*60 of 60 bulls sold to $40,000, av $14,440
THE wind chill was the only thing cold at Yarram Park’s on-property bull sale on Monday, with 57 registered buyers on the auction ring floor, and a further 45 registered online.
Demand for the bulls pushed the average $5216 above 2020’s result, leading to speculation it could be a new record on-property auction average for the breed.
The top-priced bull – Lot 2 – earned a lot of interest in the week leading up to the sale, but was ultimately secured by Mark and Wendy Campion, Amos Vale Herefords, Pinkett, NSW.
The 23-month-old bull was a son of Yarram Lottery H220 and was in the top 5 per cent for eye muscle area (EMA) and rump fat.
The Campions’ have been breeding Herefords for 54 years, and are return buyers to Yarram Park after purchasing a stud sire last year for their operation.
Mr Campion said they were drawn to his natural meat and muscle expression, who was still free moving with a lovely head and eye.
“We believe he will bring some real thickness through the Amos Vale herd, and still has that good structure, good feet and legs,” he said.
The second top-priced bull of the sale was Lot 18, a March 2019-born Days Horizon M028 son, purchased for $34,000 by John Bergamin, Bergamin Pastoral, Willow Grove.
Mr Bergamin is a return buyer to Yarram Park, using their genetics for 30 years in their self-replacing and milk-vealer operation in Gippsland.
After purchasing a Lottery M089 son in 2018, he was looking for a new herd sire with some outcross genetics for his 600-head commercial cow herd.
“We had Lot 18 picked out as our first preference, we were looking for a bull with a good mix of horn-polled genetics, but still low birthweight with good milk and growth figures,” he said.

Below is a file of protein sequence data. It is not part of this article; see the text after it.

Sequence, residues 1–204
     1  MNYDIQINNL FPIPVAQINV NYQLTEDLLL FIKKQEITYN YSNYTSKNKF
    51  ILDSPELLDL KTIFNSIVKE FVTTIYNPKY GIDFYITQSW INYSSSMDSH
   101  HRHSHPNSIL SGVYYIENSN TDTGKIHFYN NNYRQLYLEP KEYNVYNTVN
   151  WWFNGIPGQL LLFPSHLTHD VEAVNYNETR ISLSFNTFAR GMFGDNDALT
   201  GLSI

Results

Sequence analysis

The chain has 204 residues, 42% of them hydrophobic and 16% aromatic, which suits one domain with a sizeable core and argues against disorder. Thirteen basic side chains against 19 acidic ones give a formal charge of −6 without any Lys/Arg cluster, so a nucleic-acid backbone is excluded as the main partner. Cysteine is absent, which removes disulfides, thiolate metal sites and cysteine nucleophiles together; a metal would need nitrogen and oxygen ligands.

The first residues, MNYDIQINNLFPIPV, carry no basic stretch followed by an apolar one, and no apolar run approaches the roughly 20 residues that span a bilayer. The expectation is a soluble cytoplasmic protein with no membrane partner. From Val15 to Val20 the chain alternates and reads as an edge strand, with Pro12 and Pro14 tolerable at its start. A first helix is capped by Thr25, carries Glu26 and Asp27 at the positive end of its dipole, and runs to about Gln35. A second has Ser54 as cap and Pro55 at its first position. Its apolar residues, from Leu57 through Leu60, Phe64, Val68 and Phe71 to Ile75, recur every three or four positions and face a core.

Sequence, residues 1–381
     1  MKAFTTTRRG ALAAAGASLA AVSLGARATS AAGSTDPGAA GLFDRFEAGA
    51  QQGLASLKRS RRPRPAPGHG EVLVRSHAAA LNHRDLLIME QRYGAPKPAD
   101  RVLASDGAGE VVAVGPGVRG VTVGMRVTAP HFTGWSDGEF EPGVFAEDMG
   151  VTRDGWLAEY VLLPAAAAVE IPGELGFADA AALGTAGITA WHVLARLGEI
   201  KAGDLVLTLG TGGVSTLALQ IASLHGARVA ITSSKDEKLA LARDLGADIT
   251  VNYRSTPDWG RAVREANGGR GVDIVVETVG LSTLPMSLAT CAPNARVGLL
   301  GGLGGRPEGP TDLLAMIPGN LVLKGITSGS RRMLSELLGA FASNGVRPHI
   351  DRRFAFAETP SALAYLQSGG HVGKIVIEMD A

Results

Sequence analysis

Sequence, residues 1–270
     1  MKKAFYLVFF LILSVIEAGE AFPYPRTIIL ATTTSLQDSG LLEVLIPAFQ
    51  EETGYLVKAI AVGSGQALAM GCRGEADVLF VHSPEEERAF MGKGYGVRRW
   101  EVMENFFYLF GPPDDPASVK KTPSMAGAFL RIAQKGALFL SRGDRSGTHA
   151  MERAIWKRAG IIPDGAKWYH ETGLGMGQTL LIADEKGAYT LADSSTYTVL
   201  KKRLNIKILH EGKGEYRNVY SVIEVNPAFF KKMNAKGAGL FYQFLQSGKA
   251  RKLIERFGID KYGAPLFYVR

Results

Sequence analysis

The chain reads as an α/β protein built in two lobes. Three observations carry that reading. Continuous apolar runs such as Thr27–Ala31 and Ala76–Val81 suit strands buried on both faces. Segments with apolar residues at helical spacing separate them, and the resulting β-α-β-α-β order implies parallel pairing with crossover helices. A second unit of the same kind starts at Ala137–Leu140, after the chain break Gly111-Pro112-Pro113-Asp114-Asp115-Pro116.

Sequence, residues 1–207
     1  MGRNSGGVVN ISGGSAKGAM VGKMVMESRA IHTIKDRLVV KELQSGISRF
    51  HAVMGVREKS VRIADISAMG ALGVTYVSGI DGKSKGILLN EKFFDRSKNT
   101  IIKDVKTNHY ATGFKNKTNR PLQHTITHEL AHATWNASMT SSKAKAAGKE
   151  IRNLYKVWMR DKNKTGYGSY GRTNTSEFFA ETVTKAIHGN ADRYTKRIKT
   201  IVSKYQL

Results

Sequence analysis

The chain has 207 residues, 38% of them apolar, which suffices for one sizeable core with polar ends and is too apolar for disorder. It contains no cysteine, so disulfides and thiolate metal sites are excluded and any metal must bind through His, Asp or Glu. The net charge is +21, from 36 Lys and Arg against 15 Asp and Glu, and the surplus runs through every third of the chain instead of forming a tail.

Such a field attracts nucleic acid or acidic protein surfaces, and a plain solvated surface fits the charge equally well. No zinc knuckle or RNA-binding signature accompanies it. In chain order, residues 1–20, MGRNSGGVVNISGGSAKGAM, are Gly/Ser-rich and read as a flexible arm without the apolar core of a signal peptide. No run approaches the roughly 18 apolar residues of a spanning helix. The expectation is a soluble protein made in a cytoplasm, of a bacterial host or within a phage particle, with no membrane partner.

“He just walked so smoothly, placing each foot behind the other in his tracking, whilst still having that large EMA, to me he was just an amazing sire.”
Barry Newcomen, Newcomen Herefords, Ensay, bought the third top bull.
Lot 8 was another specially-selected March 2019-drop son of EDR Mojo, brought forward in the sale offering due to the interest received.
Mr Newcomen said he liked the bull due to his complete outlook.
“He was long and deep; he just looks like a real sire to me,” he said.
“He just stood well on his legs, had an excellent temperament, good eye and hindquarter.”
Mr Newcomen plans to join the bull to a selected run of stud and commercial females.
Volume buyers of the sale were Broadlands, Lucindale, SA, purchasing 12 bulls to a top of $13,000 twice and averaging $10,166, being return buyers for the last four years.
Broadlands manager Chris Major said they had been building up numbers for commercial breeders by buying Hereford heifers out of the weaner sales, in an attempt to build up to a full Hereford herd.
“We will be joining 2000 cows this year, using the bulls purchased today to go over our second-calvers through to mature cows,” Mr Major said.
Broadlands cattle manager George Levy said they were selecting for lower birth weight bulls that still had good maturity weights.
“We are trying to not just buy on figures but phenotype of the bulls, which is part of the reason we came over for the [Stock & Land Beef Week] field day,” Mr Levy said.
After the sale, Yarram Park general manager Jeremy Upton thanked the new and return buyers to the sale.
“Today was the accumulation of three years of planning and hard work, which couldn’t have happened without the team we have,” Mr Upton said.
Elders stud stock auctioneer Ross Milne had nothing but praise for the work put together by the Yarram Park team.
“It was the best draft through auction I’ve seen Yarram Park put forward, they have evenness of type with great breed characteristics, and are certainly commercially-focused,” Mr Milne said.
Yarram Park owner Antony Baillieu said they were happy with the direction their sires were taking them.
“I think these are the best line of bulls we’ve put forward since we commenced our on-property sale,” Mr Baillieu said.